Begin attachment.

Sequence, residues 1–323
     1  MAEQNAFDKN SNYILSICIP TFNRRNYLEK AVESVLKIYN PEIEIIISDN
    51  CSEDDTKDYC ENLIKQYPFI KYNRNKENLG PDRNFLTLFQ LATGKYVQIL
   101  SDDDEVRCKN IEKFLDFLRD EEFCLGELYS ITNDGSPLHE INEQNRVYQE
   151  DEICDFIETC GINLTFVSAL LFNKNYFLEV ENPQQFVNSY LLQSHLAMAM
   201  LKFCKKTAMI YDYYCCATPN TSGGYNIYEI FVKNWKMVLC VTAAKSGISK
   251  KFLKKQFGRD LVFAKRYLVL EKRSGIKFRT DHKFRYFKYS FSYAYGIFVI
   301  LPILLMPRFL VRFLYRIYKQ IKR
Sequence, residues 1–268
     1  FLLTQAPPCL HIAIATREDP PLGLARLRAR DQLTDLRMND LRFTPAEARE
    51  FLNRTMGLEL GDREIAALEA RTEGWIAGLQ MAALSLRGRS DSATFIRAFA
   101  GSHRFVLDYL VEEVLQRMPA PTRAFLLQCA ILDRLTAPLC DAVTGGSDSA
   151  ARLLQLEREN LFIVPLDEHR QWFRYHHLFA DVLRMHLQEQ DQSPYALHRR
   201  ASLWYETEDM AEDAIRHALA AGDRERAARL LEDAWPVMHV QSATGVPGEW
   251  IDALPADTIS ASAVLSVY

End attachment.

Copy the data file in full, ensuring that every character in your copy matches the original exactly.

Sequence, residues 1–323
     1  MAEQNAFDKN SNYILSICIP TFNRRNYLEK AVESVLKIYN PEIEIIISDN
    51  CSEDDTKDYC ENLIKQYPFI KYNRNKENLG PDRNFLTLFQ LATGKYVQIL
   101  SDDDEVRCKN IEKFLDFLRD EEFCLGELYS ITNDGSPLHE INEQNRVYQE
   151  DEICDFIETC GINLTFVSAL LFNKNYFLEV ENPQQFVNSY LLQSHLAMAM
   201  LKFCKKTAMI YDYYCCATPN TSGGYNIYEI FVKNWKMVLC VTAAKSGISK
   251  KFLKKQFGRD LVFAKRYLVL EKRSGIKFRT DHKFRYFKYS FSYAYGIFVI
   301  LPILLMPRFL VRFLYRIYKQ IKR
Sequence, residues 1–268
     1  FLLTQAPPCL HIAIATREDP PLGLARLRAR DQLTDLRMND LRFTPAEARE
    51  FLNRTMGLEL GDREIAALEA RTEGWIAGLQ MAALSLRGRS DSATFIRAFA
   101  GSHRFVLDYL VEEVLQRMPA PTRAFLLQCA ILDRLTAPLC DAVTGGSDSA
   151  ARLLQLEREN LFIVPLDEHR QWFRYHHLFA DVLRMHLQEQ DQSPYALHRR
   201  ASLWYETEDM AEDAIRHALA AGDRERAARL LEDAWPVMHV QSATGVPGEW
   251  IDALPADTIS ASAVLSVY